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Five Tips for Hosting a Spaghetti Dinner

Boosters at Pioneer High School in Ann Arbor, Mich., ought to know a thing or two about hosting a spaghetti dinner--after all, they've been doing it for 28 years. In this article, the football booster club president and head football coach share their keys to success.

By Mike Creal
President, Pioneer High School Football Booster Club

Jeremy Gold
Head Football Coach, Pioneer High School
Ann Arbor, Mich.

At Pioneer High School, we've always consider ourselves part of the community. For us, hosting a spaghetti dinner is about more than just fundraising. It's about reaching out, building relationships, and letting folks know we're here to lend a helping hand. That's why we run our event the way we do, and why it's become our biggest fundraiser.

Here's what we've learned in the process:

1. Organize your team. Any fundraising event takes time, labor, and a lot of energy from the people around you. You need five to 10 people who are going to focus on making this happen, with one highly-organized person in charge. This year, we had someone who'd never done it before, and she did a terrific job. That's really what's going to drive your success: people. Once you have your team, let everyone know you're there to help and do your best to stay out of their way. It's a little like planning a wedding. You start with the big things: the location--which in our case is the high school cafeteria--the food, and the auction items.

2. Find a local business to donate the food.
This year, we approached Hello Faz Pizza, which provides food at our freshman, j.v., and varsity football games. The pizza has been flying off the shelves, so we approached the owner, talked about who we are, and asked if he'd consider providing the food. We put our needs out there, found out about his needs, which were to play a bigger role in the community, and came to an agreement that satisfied everyone. It was a good deal for Hello Faz, because they reached a lot of people who'd never eaten at their restaurant. And it was a good deal for us, because they provided all the pasta, sauce, breadsticks, and salad we needed.

3. Manage your expenses--and your relationships. All in all, we spent about $1,000 out of pocket. We paid for tickets, decorations, plates, napkins, utensils, and the plasma TV we used as a premium for the raffle. But that was it--everything else was donated. How did we do it? Well, we asked, which is the first thing you have to do. When you're talking to a business, make it clear what they're getting back. The names of everyone who donated are included on our Web site. Each donor gets a thank-you letter, and we tell our football community, "Here are the businesses to patronize, and when you do, make sure to say, 'I'm with the football program and we're really grateful for your donation.'" A $25 gift certificate is not going to make or break a business, but it can generate a lot of goodwill in the community, which is worth a lot more than $25.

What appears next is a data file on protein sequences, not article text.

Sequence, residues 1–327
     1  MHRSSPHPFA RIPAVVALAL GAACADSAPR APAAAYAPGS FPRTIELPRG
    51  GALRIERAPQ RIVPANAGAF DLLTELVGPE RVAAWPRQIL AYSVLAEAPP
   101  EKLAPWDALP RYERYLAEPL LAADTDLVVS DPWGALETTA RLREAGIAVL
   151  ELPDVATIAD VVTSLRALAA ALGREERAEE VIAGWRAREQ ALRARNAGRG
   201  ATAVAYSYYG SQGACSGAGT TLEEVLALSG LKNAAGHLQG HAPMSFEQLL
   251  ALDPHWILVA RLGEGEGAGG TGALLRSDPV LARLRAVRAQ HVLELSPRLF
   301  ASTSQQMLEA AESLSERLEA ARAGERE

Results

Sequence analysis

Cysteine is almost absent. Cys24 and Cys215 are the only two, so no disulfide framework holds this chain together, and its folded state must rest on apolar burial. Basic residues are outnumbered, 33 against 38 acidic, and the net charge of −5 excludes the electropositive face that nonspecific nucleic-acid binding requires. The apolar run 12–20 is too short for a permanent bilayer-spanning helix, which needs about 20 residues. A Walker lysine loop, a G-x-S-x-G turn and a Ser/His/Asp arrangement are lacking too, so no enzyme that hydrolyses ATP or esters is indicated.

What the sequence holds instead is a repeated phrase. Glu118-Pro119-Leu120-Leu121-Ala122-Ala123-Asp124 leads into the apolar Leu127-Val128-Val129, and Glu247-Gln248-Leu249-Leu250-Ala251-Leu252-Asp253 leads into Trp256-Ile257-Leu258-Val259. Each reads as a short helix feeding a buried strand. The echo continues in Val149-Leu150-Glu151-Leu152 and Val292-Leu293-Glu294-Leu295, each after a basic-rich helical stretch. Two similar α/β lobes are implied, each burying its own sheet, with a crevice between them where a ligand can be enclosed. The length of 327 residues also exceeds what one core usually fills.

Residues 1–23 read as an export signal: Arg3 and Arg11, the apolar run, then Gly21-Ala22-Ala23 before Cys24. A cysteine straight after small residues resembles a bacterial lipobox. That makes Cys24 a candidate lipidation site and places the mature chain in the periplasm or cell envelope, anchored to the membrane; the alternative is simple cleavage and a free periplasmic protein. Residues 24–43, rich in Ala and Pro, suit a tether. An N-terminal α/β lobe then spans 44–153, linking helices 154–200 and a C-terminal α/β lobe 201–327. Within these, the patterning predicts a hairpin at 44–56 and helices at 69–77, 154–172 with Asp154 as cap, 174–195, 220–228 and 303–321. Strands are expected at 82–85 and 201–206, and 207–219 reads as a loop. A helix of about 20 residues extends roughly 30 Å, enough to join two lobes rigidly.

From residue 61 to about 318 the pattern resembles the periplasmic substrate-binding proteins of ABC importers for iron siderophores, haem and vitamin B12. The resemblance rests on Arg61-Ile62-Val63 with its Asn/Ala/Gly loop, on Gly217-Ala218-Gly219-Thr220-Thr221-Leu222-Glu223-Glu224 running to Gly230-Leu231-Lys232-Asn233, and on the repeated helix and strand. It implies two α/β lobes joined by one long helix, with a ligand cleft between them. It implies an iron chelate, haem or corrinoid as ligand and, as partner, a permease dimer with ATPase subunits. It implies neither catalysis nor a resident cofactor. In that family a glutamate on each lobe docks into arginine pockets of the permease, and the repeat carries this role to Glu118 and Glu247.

4. Make every donation count. When you're gathering items for an auction, the more goods and services you get, the more money you're going to raise. If you have smaller items from local merchants, bunch them together into a themed basket. We had a Mother's Day basket that combined a lot of different things, like gift certificates to a local restaurant, a massage, a dry cleaner, and some other things. On their own, none of them would have gotten a big response, but when we put them together, we got a couple hundred dollars for the whole thing.

5. Pitch your program. To find partners who are willing to contribute to your fundraiser, you need to lead with your strengths. Here at Pioneer football, we're all about developing the young men who are going to be leaders of this community. We don't just talk about being part of this community, we do it. We're highly visible, holding benefits for breast cancer awareness, planting trees around the school, and letting folks know we're here to lend a helping hand. When we send players into the community to sell tickets, they're wearing clean uniforms, they have their jerseys tucked in, and they look nice. They're representing our program, which is why people are happy to support our cause. is brought to you by a recognized and established name in the school athletics arena, MomentumMedia—publisher of Athletic Management, Coaching Management and Training & Conditioning magazines.